Dental Bridge

The Traditional Fixed Prosthesis

Tags: dentist, london dentist, nhs, whitening, inman aligner, cosmetic dentist, checkup, dental, anish, anish dentist, london hygienist, dental hygiene, root canal., crown, cap, onlay, veneer

by Mr Anish Patel
bridge
A traditional bridge where two teeth next to the gap is reduced and crowned to support the missing tooth.

Overview

A bridge is an option to replace single or a few missing teeth. It is permanently fixed to your teeth and is dependent on relatively healthy teeth either side of the space. A bridge will be an option if you have good oral health and the space to be replaced is not too long. There are a number of different designs and they are available and which will depend on the clinical situation.

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  • Resin bonded bridge
    This is a minimal bridge that when placed correctly with a keen eye on your bite can be very successful. It is essentially stuck to the back of the tooth and does not require much preparation of the inside of the teeth.
  • Cantilever bridge
    One adjacent tooth is prepared for a full crown. This design is ideal when the tooth being replaced is smaller or similar size to the tooth being used as support. Frequently used when replacing premolar teeth.
  • Fixed-fixed bridge
    Two adjacent teeth are prepared for full crowns. This design is ideal when replacing many teeth over a long span.
  • Fixed- mobile
    Two adjacent teeth are prepared- cast as 2 separate pieces which interlock when fitted. This is the best design for short spans and for people that place alot of stress on their teeth through grinding.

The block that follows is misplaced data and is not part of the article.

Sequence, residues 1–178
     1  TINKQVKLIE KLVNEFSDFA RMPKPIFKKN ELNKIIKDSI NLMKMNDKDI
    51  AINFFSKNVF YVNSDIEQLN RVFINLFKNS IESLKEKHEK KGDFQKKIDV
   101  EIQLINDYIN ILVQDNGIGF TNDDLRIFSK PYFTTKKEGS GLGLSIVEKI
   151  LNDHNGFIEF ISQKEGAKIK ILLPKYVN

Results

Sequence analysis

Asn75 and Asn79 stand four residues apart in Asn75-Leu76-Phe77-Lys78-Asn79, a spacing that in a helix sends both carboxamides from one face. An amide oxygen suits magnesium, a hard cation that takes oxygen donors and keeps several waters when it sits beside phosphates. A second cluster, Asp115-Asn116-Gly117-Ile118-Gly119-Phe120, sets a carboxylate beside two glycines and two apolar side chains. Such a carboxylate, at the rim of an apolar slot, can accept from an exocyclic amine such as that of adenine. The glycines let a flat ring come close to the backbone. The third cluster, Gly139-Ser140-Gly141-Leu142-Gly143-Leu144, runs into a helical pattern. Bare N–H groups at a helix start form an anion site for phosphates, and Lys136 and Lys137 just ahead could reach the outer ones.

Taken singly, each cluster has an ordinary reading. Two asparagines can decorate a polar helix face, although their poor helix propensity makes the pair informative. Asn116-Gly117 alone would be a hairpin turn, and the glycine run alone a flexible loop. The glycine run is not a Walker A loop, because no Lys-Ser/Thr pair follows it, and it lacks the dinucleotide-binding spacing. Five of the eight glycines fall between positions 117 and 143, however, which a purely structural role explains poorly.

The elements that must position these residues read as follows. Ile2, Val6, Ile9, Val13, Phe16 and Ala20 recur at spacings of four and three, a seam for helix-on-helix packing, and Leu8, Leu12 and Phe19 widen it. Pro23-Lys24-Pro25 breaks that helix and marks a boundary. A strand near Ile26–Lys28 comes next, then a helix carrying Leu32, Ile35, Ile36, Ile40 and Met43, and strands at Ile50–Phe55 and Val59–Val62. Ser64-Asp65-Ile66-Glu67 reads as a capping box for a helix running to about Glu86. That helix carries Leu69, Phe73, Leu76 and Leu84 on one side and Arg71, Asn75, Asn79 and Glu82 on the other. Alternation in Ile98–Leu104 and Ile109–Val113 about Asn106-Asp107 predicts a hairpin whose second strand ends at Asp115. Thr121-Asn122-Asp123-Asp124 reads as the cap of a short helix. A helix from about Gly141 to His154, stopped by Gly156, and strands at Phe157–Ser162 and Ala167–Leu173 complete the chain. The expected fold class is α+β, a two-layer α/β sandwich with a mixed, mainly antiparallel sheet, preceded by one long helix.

• Implant supported denture, single crown or bridge
    This is the one option that does not involve preparing any adjacent teeth. Instead of a tooth supporting the bridge, an implant is used. This is obviously the most respectful to other teeth as no drilling is done.

The type chosen will depend on the individual case, and would need to be discussed with Mr Patel.

fixed_mobile
Actual patient of Mr Patel. The upper right second premolar is replaced with a full coverage crown behind and mobile rest in the first premolar.

The Procedure

Even though it may sound scary, I assure you that it involves many of the steps of a crown/cap. You will be completely numb, and will not feel a thing. It is done at the practice many times a week and is a perfected routine procedure.

Prior to the appointment for complex cases, you will likely have been asked about exactly how you would like your teeth to look during a consultation appointment. We will talk about colours, shape, and style of bridge.Bridges are done at the practice over two visits which is standard, however this can be longer in complex cases.

1st Visit- 30-45 Minutes (More time for rehabilatation cases)
1.  We will place numbing gel where we plan to place the anaesthetic, so you are less likely to feel the small pinch. We then wait a minimum of 10 minutes for it to work.

2.  While we wait- You will see us preparing a material to take an impression of your teeth. This will be taken now so we can re-create the tooth for a temporary bridge.

3.  Once you are ready we will proceed to gently reduce down the size of your tooth, stopping every few seconds to check the tooth and yourself. The tooth is reduced to make room for the new crown so it fits well with the rest of your teeth. This is repeated on the tooth the other side of the gap.